I can't seem to find the specs for that 0.6v fixed reference in the datasheet I have. Am I going more blind as the dayze go on ??


https://ww1.microchip.com/downloads/en/DeviceDoc/40001291H.pdf

First page

• Analog Comparator module with:
- Two analog comparators
- Programmable on-chip voltage reference (CVREF) module (% of VDD)
- Fixed voltage reference (0.6V)
- Comparator inputs and outputs externally accessible
- SR Latch mode- External Timer1 Gate (count enable)


So, you can't change the font, it's a closed product that I'm now modifying a piece of the firmware to compensate for that....
temtronic



Joined: 01 Jul 2010
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PostPosted: Wed Feb 02, 2022 9:21 pm     Reply with quote

0.6v isn't the complete spec, it might vary 1%,4%,-2% ?
maybe it has a factory range of 0.595 to 0.610 ?

edited...
just read the spec sheet you supplied
YIKES ! according to table 17-9 that fixed ref of 0.6 can be anywhere between 0.5 and 0.7 volts !!!!

While it may be a 'fixed reference' it's NOT a 'precision' reference. You'd have to bench calibrate every PIC in order to use it as your ADC 'standard'. Running the ADC in 10 bit mode, will probably show problems in accurate readings.
Also the settling time is 'carved in stone' so you'll have to configure the ADC to ensure accurate reading of it as well.
Ttelmah



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PostPosted: Thu Feb 03, 2022 1:46 am     Reply with quote

Have to agree totally with Jay on this. It is a 'low precision Vref'.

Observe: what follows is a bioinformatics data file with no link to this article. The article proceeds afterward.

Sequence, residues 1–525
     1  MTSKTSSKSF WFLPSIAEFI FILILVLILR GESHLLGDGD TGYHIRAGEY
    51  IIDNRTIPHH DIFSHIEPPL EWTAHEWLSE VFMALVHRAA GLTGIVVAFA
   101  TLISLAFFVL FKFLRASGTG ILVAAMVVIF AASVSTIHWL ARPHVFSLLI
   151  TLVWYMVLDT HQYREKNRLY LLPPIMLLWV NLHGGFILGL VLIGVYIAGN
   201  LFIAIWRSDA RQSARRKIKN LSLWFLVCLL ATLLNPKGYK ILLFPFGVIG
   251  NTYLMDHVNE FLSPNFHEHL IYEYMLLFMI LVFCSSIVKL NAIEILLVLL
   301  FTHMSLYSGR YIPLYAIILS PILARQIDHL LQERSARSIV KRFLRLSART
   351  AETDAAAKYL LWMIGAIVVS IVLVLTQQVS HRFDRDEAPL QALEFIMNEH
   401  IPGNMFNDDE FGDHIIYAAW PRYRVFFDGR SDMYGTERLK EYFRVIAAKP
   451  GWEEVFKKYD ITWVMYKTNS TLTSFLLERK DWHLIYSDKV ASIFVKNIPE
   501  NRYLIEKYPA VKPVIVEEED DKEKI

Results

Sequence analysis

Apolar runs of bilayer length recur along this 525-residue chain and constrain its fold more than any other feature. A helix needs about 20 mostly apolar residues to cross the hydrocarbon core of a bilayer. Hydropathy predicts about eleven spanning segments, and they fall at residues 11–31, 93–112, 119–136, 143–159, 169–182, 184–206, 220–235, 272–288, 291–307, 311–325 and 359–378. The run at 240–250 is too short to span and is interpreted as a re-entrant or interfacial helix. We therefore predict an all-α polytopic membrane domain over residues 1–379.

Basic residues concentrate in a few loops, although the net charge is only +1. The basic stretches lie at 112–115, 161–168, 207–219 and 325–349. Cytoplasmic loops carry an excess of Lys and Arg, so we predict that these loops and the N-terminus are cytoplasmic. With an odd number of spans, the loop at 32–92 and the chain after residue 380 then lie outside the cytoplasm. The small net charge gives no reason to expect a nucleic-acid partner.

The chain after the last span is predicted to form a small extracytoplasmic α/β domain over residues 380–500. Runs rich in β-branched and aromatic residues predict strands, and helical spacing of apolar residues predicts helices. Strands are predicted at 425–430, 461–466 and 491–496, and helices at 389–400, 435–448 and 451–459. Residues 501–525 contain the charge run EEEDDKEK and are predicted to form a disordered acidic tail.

It is however quite stable long term and with supply voltage changes.
So if you want to use it to measure your supply, you really have to perform
an initial calibration. Then make your own calculation of what the Vref
is actually giving. Store this, and in the future you can use this figure
which will be quite repeatable.

As a comment to the original poster, beware also of Tacq. Hopefully on the
DsPIC, you have a programmed Tacq, so you can read immediately after
selecting the channel, and the processor will automatically wait for this.
However on the 886, there is no hardware Tacq option, so you need to
delay for at least 4.67uSec after selecting the Vref channel, before taking
the reading.
temtronic



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PostPosted: Fri Feb 04, 2022 6:18 pm     Reply with quote

re:
Quote:
It is however quite stable long term and with supply voltage changes.

I can't see,well easily, any charts or tables(datasheet v.H) as to how 'stable' it is.
Call me the Cynical Canuck, but when a ref has a 'spec' of 0.5 to 0.7, NOTHING else !, that's not instilling faith in me. I'd prefer to spend a buck, use a high precision voltage reference chip and KNOW it's right from day one.
Ttelmah



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PostPosted: Fri Feb 04, 2022 10:59 pm     Reply with quote

It is internally a bandgap device. It just is not laser trimmed in
manufacture. Hence a wide spread of initial voltages, but good long term
stability and stability for voltage changes.
From my own experience using these, I'd say their stability is better
than 1%. However Microchip only say that this offers good stability, they
don't publish a figure for this.
temtronic



Joined: 01 Jul 2010
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PostPosted: Sat Feb 05, 2022 6:59 am     Reply with quote

Thanks Mr. T.... bandgap makes sense
for decades I used an LED in the gnd leg of a 5 volt Vreg to 'boost' Vout. Always humoured me how stable and consistant they were over years of use.
Yes, a 'cheat', never had one failed and it used existing inventory of parts.